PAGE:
Thesis research book concept and description

The Power of an Alphabet to Define a Culture

My thesis research started as an investigation into literacy and power, studying the development of the Korean alphabet as a case study. My research extended into disappearing languages and how the development of an accessible writing system, a phonetic alphabet, helps preserve the language and the culture embodied in it. An alphabet acts as a visual representation of the language and the culture, and has the power to assert the legitimacy of a culture.

The Korean alphabet is an amazing invention and considered the most scientific alphabets ever developed. The alphabet’s development, structure, and graphic forms are based on principles of Neo-Confucianism. As the neo-confucian philosophy informed the structure and design of the Korean alphabet, I investigated how it can inform the design of my thesis book.

Eum and Yang (yin and yang) are the two primal forces, and their interactions create natural phenomena grouped into five. Five elements, five colors, five directions.

Therefore I structured my thesis book into 5; 4 sections together making 1 whole, creating 5.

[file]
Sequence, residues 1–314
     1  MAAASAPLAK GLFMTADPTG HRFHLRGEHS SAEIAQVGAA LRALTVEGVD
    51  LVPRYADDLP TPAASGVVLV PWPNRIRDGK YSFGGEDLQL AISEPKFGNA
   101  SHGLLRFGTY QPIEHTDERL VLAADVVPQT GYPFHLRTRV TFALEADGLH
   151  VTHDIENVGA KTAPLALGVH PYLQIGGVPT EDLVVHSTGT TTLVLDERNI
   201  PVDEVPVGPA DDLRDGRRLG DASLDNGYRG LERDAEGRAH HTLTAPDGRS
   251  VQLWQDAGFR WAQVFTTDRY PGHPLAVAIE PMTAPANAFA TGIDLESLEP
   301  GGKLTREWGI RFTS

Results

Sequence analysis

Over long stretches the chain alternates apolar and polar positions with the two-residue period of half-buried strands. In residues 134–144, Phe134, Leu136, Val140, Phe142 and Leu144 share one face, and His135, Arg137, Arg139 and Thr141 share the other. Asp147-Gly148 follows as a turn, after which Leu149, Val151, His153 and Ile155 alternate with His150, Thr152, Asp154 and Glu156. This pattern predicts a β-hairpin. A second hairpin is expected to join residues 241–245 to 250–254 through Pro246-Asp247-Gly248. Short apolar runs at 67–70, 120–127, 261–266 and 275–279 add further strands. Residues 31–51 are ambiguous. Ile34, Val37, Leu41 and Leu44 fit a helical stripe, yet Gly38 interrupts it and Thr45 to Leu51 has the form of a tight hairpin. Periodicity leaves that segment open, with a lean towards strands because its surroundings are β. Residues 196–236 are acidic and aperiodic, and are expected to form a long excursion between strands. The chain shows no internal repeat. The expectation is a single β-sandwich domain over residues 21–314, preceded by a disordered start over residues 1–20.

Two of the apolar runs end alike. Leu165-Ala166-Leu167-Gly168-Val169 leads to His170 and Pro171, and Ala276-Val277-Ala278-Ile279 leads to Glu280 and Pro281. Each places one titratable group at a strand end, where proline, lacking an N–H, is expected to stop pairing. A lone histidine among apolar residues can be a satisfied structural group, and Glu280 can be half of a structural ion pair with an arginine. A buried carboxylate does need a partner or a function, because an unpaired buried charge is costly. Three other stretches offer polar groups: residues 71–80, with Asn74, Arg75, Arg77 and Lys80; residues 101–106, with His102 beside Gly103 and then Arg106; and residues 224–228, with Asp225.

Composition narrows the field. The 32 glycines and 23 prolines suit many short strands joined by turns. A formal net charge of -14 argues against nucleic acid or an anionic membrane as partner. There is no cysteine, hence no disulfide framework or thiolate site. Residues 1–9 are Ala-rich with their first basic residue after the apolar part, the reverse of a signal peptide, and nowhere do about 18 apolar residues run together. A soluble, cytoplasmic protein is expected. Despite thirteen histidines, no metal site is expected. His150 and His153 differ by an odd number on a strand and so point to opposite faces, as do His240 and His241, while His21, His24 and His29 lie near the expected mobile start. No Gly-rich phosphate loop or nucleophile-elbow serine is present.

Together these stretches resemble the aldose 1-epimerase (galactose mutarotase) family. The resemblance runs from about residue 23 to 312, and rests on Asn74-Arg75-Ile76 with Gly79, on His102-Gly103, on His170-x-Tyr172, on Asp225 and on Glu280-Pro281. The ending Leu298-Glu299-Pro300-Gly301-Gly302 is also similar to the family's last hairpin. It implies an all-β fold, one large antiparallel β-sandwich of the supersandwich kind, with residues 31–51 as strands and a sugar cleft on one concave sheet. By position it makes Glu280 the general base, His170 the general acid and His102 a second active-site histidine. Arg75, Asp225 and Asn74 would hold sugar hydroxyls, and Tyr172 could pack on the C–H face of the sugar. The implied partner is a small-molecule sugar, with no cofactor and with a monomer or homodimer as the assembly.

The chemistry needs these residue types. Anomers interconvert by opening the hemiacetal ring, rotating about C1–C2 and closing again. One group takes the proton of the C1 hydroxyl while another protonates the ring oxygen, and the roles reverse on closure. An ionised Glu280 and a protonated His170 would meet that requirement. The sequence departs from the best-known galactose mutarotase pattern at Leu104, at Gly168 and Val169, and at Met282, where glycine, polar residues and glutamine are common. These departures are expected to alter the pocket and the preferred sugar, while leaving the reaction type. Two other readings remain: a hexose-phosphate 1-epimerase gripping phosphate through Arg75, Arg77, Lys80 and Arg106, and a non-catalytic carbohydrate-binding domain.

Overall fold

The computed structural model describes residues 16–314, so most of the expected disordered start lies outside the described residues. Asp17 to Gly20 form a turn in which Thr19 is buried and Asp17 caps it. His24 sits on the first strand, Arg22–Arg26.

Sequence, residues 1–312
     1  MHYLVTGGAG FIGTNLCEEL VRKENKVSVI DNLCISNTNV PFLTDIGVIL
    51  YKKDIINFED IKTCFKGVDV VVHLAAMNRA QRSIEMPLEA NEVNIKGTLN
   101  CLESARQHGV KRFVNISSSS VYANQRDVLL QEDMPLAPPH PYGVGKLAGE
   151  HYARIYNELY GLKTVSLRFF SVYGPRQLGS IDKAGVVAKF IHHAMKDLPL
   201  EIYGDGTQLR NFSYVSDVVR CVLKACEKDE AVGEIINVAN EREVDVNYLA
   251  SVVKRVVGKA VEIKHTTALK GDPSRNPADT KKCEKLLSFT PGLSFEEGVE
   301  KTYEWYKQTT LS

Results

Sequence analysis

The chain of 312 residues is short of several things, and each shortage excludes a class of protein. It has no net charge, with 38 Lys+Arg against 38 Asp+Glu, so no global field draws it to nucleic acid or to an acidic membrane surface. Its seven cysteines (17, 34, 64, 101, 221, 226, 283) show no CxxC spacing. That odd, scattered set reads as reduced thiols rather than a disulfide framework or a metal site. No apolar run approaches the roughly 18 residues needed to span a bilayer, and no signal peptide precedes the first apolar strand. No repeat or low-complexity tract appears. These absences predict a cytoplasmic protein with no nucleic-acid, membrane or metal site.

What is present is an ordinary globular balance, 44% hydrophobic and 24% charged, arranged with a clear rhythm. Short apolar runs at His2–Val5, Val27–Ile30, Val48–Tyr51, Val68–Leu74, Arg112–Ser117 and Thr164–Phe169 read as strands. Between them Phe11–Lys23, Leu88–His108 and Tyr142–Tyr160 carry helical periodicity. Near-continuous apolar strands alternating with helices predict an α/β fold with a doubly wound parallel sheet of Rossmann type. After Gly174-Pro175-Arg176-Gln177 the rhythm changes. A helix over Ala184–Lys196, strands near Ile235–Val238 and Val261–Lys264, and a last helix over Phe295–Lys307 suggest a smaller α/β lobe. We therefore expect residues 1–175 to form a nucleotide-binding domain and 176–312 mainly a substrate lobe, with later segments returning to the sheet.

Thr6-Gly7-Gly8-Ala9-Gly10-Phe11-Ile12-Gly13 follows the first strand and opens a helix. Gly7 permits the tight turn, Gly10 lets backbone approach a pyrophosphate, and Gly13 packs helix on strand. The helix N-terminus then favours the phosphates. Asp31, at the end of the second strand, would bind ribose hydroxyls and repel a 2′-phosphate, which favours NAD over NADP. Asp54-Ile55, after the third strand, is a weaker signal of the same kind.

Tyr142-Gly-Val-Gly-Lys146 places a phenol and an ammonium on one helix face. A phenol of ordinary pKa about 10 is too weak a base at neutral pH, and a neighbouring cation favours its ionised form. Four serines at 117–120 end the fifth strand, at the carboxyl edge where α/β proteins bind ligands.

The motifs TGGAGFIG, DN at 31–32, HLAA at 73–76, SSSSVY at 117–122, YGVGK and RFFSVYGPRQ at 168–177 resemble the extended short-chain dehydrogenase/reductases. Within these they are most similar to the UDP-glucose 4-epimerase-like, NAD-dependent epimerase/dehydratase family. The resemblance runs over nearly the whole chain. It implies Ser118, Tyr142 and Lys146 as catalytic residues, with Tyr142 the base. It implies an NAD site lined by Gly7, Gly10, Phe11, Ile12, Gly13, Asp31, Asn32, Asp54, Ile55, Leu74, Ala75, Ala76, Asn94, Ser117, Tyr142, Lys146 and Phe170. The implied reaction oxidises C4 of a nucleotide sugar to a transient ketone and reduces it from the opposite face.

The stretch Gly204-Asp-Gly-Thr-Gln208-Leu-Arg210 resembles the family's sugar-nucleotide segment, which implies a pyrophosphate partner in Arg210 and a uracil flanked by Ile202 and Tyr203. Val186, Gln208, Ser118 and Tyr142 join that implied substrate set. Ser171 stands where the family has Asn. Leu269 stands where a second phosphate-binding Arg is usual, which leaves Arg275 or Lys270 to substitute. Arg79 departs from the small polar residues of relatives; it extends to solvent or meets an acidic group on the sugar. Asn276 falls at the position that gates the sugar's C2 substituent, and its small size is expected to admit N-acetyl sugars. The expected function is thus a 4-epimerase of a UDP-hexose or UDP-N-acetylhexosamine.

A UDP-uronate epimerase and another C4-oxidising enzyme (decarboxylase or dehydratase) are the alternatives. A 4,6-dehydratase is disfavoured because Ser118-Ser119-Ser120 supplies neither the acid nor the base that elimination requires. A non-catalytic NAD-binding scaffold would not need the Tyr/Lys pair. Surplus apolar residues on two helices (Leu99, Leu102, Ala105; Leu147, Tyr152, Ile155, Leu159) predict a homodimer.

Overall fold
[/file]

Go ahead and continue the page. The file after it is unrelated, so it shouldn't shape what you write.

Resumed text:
Each section represents one direction, i.e. center, and it corresponding color, i.e. yellow. The images are a monotone of that color, positioned in the direction.

As the vowel symbols represent Heaven, Earth, and Man, I explored the verticality and horizontal natures of these symbols within the format of the spread, acknowledging the edges of the paper and the its fold.

The book is bound as an accordion fold to emphasize the idea of interconnectedness. The end is connected to the beginning to further emphasize this idea. It also doesn’t allow the book to close and encourages you to start at any point.

In April 2014 there was a tragic ferry disaster off the west coast of South Korea. There are layers of the text, the images, and then the ferry text and images. I set up different structures or rules for each layer, allowing for surprising combinations.

As the ferry messages demonstrate the power and agency of the written word, I allowed the ferry images and text from the written notes to be free to respond to the structured main content text and images. It’s also a way to showcase the Korean alphabet. The images and text are colored as a combination of two inks; each section having its own color.

I chose the typeface Calibre, a typeface based off of Berlin street signs, because it is a utilitarian face, just as the Korean alphabet is one of utility. So the question for me was could I design something beautiful using something utilitarian? Is there beauty in something so functional, so useful?

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